Frank Andrew Lovejoy Jr. (March 28, 1912 – October 2, 1962) was an American actor in radio, film, and television. He is perhaps best remembered for appearing in the film noir The Hitch-Hiker and for starring in the radio drama Night Beat.
Frank Lovejoy as Det. Sgt. Brub Nicolai in In a Lonely Place (1950)
|Died||October 2, 1962 (aged 50)|
New York City, New York, U.S.
|Resting place||Holy Cross Cemetery, Culver City|
(m. 1939; div. 1940)
(m. 1940; died 1962)
He was born in the Bronx, New York, but grew up in New Jersey. His father, Frank Andrew Lovejoy, Sr., was a furniture salesman from Maine. His mother, Nora, was born in Massachusetts, to Irish immigrant parents.
A successful radio actor, Lovejoy played Broadway Harry on the Gay Nineties Revue and was heard on the 1930s crime drama series Gang Busters. Lovejoy was a narrator (during the first season) for the show This Is Your FBI.
In radio soap operas, Lovejoy played Dr. Christopher Ellerbe in Valiant Lady, Sam Foster in This Day Is Ours, and he had the roles of Brad Forbes on Brave Tomorrow and Larry Halliday in Bright Horizon. He also played the title character on the syndicated The Blue Beetle in 1940, several episodes of The Whistler, and starred in the later newspaper drama series Night Beat in the early 1950s and in episodes of Suspense in the late 1950s. He also starred as John Malone in The Amazing Mr. Malone.
In films of the 1940s and 1950s, Lovejoy mostly played supporting roles. Appearing in movies such as Goodbye, My Fancy (1951) with Joan Crawford, and The Hitch-Hiker (1953) directed by Ida Lupino, Lovejoy was effective playing the movie's everyman in extraordinary situations. He was in several war movies, notably Stanley Kramer's Home of the Brave (1949), Breakthrough (1950), Joseph H. Lewis's Retreat, Hell! (1952) which portrayed the United States Marine Corps' retreat from the Chosin Reservoir (Changjin Reservoir) during the Korean War and as a Marine sergeant again in Beachhead (1954), and Strategic Air Command (1955) with James Stewart. In 1951, he had the title role in I Was a Communist for the FBI with co-stars Ron Hagerthy, Paul Picerni, and Philip Carey.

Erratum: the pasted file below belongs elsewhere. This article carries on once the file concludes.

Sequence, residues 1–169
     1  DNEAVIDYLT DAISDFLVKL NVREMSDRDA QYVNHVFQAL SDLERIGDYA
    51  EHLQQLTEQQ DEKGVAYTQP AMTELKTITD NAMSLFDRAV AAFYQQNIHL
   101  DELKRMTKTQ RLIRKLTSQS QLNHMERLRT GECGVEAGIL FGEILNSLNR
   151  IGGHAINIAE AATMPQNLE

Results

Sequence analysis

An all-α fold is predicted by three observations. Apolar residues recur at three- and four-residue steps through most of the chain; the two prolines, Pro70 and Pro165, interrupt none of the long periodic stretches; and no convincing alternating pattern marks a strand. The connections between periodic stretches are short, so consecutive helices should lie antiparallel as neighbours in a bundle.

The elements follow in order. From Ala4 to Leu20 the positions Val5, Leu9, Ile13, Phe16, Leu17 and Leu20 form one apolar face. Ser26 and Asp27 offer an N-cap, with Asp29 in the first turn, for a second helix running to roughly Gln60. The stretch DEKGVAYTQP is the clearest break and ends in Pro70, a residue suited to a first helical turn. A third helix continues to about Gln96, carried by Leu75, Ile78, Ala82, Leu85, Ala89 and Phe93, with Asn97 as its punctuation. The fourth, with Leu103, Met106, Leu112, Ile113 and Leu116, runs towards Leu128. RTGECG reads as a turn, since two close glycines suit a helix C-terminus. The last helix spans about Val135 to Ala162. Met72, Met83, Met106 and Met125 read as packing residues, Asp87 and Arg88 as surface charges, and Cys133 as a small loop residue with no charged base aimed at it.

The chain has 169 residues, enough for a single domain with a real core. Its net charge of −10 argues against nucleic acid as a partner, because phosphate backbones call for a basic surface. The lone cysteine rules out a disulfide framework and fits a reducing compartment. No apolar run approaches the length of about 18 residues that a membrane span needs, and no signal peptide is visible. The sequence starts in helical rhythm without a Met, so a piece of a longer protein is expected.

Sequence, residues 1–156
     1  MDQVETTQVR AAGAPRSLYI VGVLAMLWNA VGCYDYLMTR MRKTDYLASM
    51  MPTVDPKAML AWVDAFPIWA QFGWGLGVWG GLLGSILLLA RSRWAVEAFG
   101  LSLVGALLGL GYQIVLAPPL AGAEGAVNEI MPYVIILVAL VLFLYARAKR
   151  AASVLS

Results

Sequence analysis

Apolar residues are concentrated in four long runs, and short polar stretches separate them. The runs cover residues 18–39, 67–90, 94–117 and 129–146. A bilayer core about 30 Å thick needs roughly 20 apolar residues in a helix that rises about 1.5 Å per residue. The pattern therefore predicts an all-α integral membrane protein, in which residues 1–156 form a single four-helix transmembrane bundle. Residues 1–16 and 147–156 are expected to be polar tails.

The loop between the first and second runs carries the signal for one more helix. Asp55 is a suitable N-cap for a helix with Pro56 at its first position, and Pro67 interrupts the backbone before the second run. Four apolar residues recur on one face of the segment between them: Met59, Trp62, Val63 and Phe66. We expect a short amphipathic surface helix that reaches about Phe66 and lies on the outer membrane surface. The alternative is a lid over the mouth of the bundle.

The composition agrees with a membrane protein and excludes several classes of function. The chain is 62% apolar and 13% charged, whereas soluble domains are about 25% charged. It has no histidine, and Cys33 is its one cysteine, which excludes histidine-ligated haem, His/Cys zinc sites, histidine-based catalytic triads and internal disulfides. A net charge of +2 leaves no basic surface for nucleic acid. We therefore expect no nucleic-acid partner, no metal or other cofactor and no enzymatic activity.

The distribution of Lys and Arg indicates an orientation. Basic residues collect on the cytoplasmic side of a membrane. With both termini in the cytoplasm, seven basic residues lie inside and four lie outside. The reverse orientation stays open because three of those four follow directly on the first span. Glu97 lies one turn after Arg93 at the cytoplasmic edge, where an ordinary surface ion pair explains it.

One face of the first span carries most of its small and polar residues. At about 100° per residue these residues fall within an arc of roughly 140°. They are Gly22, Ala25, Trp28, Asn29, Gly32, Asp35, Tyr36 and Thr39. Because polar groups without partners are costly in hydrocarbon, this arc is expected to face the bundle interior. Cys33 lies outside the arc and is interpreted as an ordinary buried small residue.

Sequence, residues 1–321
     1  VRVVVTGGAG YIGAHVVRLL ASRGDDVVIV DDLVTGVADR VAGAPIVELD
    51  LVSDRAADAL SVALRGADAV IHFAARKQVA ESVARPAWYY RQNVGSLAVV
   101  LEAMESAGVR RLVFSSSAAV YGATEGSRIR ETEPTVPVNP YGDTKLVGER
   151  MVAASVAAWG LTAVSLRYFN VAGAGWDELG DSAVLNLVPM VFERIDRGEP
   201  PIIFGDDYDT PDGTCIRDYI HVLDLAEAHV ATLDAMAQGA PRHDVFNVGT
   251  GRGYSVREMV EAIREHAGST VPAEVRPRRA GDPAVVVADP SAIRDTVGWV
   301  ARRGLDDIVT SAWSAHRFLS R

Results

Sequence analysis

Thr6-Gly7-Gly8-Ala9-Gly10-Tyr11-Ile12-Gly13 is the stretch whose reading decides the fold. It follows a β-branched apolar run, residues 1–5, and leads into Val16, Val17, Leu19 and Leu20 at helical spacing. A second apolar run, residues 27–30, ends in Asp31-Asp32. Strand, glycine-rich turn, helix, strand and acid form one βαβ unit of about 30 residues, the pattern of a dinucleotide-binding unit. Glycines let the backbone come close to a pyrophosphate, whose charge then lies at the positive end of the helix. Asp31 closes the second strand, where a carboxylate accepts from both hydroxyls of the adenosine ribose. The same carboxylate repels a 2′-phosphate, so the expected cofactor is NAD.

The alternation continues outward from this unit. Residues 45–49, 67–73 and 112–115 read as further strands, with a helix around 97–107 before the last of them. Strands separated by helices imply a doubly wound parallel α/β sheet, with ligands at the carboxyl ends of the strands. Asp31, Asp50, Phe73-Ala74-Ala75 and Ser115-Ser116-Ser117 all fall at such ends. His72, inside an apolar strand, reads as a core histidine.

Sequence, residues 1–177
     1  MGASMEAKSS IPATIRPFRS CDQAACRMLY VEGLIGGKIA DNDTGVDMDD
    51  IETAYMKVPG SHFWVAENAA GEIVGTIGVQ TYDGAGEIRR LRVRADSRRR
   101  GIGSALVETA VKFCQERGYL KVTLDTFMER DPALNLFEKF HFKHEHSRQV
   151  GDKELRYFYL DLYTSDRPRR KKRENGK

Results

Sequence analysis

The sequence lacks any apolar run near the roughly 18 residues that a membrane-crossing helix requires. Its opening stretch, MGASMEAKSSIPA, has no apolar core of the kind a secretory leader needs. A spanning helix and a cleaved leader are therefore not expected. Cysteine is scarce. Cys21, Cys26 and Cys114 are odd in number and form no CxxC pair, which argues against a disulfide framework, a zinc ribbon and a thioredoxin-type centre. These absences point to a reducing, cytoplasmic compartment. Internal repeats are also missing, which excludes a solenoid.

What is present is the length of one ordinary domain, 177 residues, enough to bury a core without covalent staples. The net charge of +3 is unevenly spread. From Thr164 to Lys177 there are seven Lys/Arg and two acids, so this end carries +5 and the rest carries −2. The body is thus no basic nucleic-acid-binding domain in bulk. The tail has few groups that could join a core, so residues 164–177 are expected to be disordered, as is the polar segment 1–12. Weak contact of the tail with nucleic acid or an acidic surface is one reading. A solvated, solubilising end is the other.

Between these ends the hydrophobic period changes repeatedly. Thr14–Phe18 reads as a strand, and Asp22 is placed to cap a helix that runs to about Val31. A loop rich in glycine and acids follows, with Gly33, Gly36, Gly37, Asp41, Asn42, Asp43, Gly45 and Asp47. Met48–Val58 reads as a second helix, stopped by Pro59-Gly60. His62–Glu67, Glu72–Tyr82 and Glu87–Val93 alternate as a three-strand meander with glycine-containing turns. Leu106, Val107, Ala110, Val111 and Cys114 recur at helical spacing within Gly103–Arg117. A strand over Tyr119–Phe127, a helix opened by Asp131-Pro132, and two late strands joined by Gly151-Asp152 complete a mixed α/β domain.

Lovejoy starred in two short-run TV series, Man Against Crime and Meet McGraw. Episodes of these two series have never been released commercially on DVD or VHS and never aired as reruns. Meet McGraw episodes were screened at the Mid-Atlantic Nostalgia Convention.
Lovejoy's final television performances include the episode "County General" (March 18, 1962) on the ABC series Bus Stop with Marilyn Maxwell in the role of Grace Sherwood. That same season, he appeared on the ABC crime drama Target: The Corruptors! about the efforts of a New York City reporter to expose organized crime.
Lovejoy was first married to Frances Williams (1901–59), but divorced in the late 1930s. In 1940, Lovejoy married actress Joan Banks (1918–1998), with whom he had a son and a daughter.